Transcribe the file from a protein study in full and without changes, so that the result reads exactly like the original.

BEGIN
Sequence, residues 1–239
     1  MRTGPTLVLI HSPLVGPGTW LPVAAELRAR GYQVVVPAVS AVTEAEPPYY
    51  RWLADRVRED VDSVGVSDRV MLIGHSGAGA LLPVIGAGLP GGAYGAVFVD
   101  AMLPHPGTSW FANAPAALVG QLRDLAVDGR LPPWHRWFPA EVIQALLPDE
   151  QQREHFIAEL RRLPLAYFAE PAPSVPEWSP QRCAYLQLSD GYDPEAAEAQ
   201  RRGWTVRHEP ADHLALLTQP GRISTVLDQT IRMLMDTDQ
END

Sequence, residues 1–239
     1  MRTGPTLVLI HSPLVGPGTW LPVAAELRAR GYQVVVPAVS AVTEAEPPYY
    51  RWLADRVRED VDSVGVSDRV MLIGHSGAGA LLPVIGAGLP GGAYGAVFVD
   101  AMLPHPGTSW FANAPAALVG QLRDLAVDGR LPPWHRWFPA EVIQALLPDE
   151  QQREHFIAEL RRLPLAYFAE PAPSVPEWSP QRCAYLQLSD GYDPEAAEAQ
   201  RRGWTVRHEP ADHLALLTQP GRISTVLDQT IRMLMDTDQ